Background: In the United States, morbidity from asthma disproportionately affects African Americans and women. Although inadequate care contributes to overall asthma morbidity, less is known about differences in asthma care by race and sex. Subjects and Methods: To examine the relationships of race and sex with asthma care, we analyzed responses to questionnaires administered to adults enrolled in 16 managed care organizations participating in the Outcomes Management System Asthma Study between September and December 1993. Indicators of care consistent with National Asthma Education and Prevention Program (1991) recommendations were assessed. Of a random sample of 8640 patients asked to participate, 6612 (77%) completed the survey. This study focused on 5062 (14% African American, 72% women) patients with at least moderate asthma symptom severity. Results: Fewer African Americans than whites reported care consistent with recommendations for medication use (eg, daily inhaled corticosteroid use, 34.9% vs 54.4%; P=.001), self-management education (eg, action plan, 42.0% vs 53.8%; P=.001), avoiding triggers (37.6% vs 53.6%; P=.001), and specialist care (28.3% vs 41.0%; P=.001). Differences in asthma care by sex were smaller and tended to favor women except for daily inhaled corticosteroid use (women vs men: 49.6% vs 58.3%; P=.001) and having specialist care (37.7% vs 43.1%; P=.001). Similar race and sex differences were observed after adjusting for age, education, employment, and symptom frequency. Conclusions: Even among patients with health insurance, disparities in asthma care for African Americans compared with whites exist and may contribute to race disparities in outcomes. Women generally reported better asthma care but may benefit from greater use of inhaled corticosteroids.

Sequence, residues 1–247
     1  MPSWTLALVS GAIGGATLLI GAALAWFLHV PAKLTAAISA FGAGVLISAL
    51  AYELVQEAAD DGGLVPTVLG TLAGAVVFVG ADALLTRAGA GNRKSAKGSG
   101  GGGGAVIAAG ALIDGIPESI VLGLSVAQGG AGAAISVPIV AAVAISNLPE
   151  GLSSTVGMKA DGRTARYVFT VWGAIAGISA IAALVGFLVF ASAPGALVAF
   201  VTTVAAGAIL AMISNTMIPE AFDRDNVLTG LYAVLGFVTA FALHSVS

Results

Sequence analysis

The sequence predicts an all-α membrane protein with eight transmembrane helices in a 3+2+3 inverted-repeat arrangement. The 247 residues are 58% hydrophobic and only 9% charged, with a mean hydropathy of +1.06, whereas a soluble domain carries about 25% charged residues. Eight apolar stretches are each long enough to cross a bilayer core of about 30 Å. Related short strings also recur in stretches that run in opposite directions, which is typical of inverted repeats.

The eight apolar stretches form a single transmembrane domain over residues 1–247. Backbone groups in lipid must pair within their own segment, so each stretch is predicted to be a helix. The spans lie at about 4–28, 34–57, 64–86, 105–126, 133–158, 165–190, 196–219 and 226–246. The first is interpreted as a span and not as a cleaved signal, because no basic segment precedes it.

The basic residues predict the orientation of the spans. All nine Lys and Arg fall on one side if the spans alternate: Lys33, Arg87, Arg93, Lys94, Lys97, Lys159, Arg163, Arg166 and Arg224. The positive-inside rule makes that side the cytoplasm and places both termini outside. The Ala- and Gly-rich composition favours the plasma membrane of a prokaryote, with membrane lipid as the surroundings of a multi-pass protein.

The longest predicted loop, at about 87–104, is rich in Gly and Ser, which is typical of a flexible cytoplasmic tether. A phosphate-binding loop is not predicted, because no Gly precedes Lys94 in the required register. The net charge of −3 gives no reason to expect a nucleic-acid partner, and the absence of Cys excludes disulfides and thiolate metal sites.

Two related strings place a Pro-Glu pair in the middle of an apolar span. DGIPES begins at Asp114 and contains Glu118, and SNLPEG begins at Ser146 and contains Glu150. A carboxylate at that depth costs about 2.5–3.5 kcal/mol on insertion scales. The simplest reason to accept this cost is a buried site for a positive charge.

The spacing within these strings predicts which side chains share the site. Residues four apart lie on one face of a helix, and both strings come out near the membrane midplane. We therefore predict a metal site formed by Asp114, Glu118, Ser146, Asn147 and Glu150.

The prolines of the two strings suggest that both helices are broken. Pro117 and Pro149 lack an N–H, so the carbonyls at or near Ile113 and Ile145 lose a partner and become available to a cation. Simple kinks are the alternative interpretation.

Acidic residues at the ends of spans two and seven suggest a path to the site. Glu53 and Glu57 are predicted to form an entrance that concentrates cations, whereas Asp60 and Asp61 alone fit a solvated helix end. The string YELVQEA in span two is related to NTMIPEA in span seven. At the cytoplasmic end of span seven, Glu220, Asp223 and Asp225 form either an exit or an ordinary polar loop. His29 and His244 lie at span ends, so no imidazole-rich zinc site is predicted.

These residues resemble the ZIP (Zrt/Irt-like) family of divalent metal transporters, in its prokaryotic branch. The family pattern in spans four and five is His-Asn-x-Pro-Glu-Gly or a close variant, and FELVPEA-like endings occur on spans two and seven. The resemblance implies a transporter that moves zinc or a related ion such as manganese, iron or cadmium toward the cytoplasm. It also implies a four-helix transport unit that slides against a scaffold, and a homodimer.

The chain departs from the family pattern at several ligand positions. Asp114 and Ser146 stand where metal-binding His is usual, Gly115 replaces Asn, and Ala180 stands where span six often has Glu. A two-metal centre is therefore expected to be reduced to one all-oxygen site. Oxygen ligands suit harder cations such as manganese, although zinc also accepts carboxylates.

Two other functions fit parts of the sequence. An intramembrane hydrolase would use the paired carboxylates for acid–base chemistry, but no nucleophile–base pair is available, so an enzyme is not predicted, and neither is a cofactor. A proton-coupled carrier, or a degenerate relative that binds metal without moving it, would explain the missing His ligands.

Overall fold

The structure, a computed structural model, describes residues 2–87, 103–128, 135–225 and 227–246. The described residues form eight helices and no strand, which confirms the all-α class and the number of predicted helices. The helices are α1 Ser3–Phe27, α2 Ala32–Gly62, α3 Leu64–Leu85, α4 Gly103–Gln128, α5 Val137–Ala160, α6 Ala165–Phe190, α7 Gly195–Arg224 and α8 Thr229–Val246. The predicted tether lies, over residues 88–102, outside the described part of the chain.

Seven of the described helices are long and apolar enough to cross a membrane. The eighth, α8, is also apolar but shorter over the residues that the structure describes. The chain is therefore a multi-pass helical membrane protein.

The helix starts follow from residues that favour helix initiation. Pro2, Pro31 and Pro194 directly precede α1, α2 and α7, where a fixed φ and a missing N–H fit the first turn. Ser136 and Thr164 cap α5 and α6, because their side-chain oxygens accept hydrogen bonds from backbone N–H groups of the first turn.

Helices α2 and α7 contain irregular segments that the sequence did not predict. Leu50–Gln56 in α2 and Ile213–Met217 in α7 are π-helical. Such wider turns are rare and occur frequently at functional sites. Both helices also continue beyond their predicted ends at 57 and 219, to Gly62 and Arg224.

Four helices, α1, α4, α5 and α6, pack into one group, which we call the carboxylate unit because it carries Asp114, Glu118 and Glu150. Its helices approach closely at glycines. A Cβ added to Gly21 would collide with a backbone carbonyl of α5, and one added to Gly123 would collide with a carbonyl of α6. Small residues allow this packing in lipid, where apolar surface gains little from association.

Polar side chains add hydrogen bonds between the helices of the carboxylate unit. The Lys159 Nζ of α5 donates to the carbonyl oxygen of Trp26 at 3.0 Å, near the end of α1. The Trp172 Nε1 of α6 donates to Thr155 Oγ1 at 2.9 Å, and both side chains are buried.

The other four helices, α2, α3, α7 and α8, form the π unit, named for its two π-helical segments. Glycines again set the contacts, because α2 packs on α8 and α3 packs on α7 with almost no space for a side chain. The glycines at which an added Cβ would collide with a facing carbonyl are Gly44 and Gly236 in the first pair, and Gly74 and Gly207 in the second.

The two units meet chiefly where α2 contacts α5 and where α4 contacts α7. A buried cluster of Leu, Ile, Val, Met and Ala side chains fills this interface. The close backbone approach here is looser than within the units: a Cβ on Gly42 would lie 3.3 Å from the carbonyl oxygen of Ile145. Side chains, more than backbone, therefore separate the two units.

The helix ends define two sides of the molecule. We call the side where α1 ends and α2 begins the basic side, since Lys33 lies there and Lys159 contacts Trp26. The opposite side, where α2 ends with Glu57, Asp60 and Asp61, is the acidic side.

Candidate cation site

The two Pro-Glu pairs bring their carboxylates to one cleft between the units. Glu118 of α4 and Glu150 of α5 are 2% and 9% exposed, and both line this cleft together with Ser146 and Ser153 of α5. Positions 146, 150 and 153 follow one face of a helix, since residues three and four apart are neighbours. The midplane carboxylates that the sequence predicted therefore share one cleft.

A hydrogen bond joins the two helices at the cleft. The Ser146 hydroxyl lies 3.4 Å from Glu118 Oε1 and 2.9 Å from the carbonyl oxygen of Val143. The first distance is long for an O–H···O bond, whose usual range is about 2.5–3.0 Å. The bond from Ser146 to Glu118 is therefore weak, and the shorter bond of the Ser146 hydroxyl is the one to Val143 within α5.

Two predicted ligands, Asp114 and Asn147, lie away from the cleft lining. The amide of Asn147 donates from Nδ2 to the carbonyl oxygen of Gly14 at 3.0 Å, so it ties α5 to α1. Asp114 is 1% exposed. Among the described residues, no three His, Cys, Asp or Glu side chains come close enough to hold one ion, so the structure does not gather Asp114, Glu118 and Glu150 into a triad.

|Original language||English (US)|
|Number of pages||9|
|Journal||Archives of Internal Medicine|
|Publication status||Published - 2001|
ASJC Scopus subject areas
- Internal Medicine